Monday, December 14, 2009

Collection Improvement

Lack of compliance in paying fines and fees denies a jurisdiction revenue and, more important, calls into question the authority and efficacy of the court and the justice system. Tight operating budgets, the search for additional funding for courts, and a continuing desire that court orders command the respect of defendants have combined in recent years to increase interest nationwide in collection of fines and fees.
Courts that have been the most successful in collecting have (1) adopted a philosophy that active, if not aggressive, collection is the right approach to take; (2) decided to improve community perceptions; and (3) dedicated some staff and other resources to the collection effort. Courts that have not made progress in fine collection have probably not yet grappled with these issues.
The preceding paragraphs are excerpts from a new publication by the National Center for State Courts entitled "Current Practices in Collecting Fines and Fees in State Courts: A Handbook of Collection Issues and Solutions" (2nd Ed.). It is available on the Center's website,, and more specifically here.
The OCA Collection Improvement Program, which is featured in the National Center's report, is another resource.

Annual Statistical Report

As noted on November 10, we delayed publication of this report so that it could be previewed by Judicial Council and we would have time to add in some new features. Those features are salary and turnover information on Texas judges, pp. 17-20; Annual Reports of Judicial Boards, Agencies and Commissions (OCA, Judicial Council, TFID, JCIT etc.), pp. 63-79, and summary information on several areas of required reporting to OCA, pp. 61-62:
  • Hate crimes
  • Vexatious Litigants
  • Appointments and Fees
  • Capital Case Jury Charges, and
  • Security Incidents.

Check out the 2009 report at

Friday, December 4, 2009

State Budgets and Courts

The Center of Budget and Policy Priorities is projecting that state deficits will total $178 billion in 2010 with 41 states looking at shortfalls. State court budget reductions have been widespread, as reported recently with regard to Massachusetts in particular, in the New York Times editorial page. Ten states are actively looking at reengineering their services: Alabama, Florida, Minnesota, Michigan, New Hampshire, Iowa, Nebraska, Rhode Island, Utah and Vermont. They are looking at staffing to the most efficient level, using technology to the utmost, and tackling structural and governance issues that might be politically untouchable in better times.

Utah is a particularly interesting and dramatic example. Doubling filing fees there in the last legislative session allowed them to sustain "only" a 5% decrease in their unified state court budget, but they have gone much further to examine every aspect of their delivery of court services. They have accelerated e-filing, e-payments, e-documents and e-warrants; radically reorganized their clerk of court operations; downsized by 12% and reorganized their administrative office of the courts (the counterpart to OCA); instituted remote hearings, meetings and training; automated administrative functions in human resources, payroll and purchasing; required evidence-based practices in the provision of services, particularly juvenile justice treatment; and eliminating court reporters in favor of digital recording. Their Judicial Council has begun to look closely at contoversial judicial productivity issues, such as moving judicial vacancies to areas of greatest need, restructuring the use of senior judges by building them into the regular calendar, training judges in mediation and structured judicial settlement conferences to move their civil dockets more rapidly, and providing judges with cross-jurisdiction for domestic and juvenile cases. They propose to mandate by rule that all citation cases be filed electronically by law enforcement by a date certain in the near future, tied to automating their justice of the peace courts. They are going to contract with interpreters for a 40 hour week rather than case-by-case, working remotely and saving travel costs. They are consolidating all jury coordination services, and eliminate seperate clerk counters for district and juvenile courts. And, the are going to limit filing sites to one per county and eliminate or transfer personnel, and are further looking at reducing from 54 sites to 8 sites statewide. They are studying jurisdictional changes to use justice courts more efficiently, consolidating administrative districts to provide better distribution of resources and eliminate duplicate administration, and consolidating warrant issuance to a statewide function.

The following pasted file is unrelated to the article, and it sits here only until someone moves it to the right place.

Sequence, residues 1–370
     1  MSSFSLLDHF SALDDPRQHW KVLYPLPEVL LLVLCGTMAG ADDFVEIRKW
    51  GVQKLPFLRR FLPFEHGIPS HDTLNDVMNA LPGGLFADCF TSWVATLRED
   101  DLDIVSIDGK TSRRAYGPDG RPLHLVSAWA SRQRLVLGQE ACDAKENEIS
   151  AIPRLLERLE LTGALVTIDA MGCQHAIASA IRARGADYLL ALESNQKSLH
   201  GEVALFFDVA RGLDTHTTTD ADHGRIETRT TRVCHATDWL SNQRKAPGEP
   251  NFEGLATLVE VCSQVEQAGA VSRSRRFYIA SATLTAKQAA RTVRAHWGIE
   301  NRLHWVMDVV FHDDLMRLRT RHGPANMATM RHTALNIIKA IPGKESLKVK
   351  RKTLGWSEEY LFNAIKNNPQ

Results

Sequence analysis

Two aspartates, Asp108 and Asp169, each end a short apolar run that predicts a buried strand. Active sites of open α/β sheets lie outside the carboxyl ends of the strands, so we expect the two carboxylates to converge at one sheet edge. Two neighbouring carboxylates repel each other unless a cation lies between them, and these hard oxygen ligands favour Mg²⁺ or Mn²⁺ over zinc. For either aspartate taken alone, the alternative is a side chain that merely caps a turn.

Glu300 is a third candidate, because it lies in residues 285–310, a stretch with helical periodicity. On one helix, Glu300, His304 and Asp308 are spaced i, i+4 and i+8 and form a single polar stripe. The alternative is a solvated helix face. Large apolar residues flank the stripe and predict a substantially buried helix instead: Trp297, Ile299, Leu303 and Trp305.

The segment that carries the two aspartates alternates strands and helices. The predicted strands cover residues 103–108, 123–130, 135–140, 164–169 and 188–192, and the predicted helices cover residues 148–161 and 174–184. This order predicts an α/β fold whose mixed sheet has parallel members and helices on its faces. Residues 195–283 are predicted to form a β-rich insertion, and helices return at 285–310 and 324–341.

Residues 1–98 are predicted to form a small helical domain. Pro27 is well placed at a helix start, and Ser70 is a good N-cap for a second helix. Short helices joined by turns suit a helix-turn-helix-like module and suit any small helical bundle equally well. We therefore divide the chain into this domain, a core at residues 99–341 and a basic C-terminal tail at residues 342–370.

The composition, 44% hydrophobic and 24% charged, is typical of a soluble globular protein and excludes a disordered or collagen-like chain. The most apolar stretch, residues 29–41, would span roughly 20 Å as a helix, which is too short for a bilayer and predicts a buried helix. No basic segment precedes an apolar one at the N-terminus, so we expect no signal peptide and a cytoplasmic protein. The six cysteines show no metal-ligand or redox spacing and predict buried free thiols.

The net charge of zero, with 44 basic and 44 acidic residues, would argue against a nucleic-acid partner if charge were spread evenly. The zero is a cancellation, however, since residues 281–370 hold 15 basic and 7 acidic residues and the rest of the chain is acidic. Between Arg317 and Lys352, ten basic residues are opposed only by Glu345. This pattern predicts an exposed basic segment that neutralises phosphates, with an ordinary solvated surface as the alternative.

With the Texas Comptroller of Public Accounts advising that our sales tax revenue in October 2009 is down almost 13% from 2008, these issues may become increasingly relevant for us. Much more information is available on this topic at the National Center for State Courts' Budget Resource Center.


I have been deblogged lately by travel. The week before Thanksgiving I had the opportunity to go to D.C. for my first meeting on the board of the Conference of State Court Administrators, and to attend the Rehnquist Dinner where an outstanding state jurist is honored each year in the reception hall of the Supreme Court of the United States. (The honoree was Timothy Evans, the Chief Judge of the Circuit Court of Cook County Illinois.) The week of Thanksgiving my family and a family of friends visited Athens, Greece and Istanbul, Turkey, an amazing trip. And this week I have my COSCA midyear meeting in St. Augustine, Florida. But I am getting back in the swing, hopefully to post more soon.